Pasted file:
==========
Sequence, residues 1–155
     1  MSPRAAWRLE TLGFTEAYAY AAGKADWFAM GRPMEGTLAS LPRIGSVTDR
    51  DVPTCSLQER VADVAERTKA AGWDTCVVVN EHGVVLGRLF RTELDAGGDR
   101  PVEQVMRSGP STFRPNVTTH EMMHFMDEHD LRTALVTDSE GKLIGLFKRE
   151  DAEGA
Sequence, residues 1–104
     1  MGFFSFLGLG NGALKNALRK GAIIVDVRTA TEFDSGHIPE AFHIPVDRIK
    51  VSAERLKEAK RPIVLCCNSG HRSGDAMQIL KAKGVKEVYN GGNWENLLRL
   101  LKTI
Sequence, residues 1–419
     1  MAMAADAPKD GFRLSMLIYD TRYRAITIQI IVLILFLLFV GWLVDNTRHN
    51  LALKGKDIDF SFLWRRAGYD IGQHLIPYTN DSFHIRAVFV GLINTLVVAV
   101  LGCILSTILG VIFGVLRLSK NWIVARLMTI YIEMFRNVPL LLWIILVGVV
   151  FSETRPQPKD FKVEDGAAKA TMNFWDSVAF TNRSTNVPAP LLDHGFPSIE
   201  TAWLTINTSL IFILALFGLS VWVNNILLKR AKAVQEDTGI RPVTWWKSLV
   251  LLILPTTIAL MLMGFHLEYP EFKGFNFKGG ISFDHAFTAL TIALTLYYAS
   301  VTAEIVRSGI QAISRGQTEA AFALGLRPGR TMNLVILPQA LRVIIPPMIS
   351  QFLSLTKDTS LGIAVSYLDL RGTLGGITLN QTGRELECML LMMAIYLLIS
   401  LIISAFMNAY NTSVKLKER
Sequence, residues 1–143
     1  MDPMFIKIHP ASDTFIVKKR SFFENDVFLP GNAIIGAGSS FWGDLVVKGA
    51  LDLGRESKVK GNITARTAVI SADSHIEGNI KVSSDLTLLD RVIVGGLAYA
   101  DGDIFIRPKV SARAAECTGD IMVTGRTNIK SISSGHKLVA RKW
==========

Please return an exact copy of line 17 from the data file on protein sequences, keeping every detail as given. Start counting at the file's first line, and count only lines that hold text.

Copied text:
   301  VTAEIVRSGI QAISRGQTEA AFALGLRPGR TMNLVILPQA LRVIIPPMIS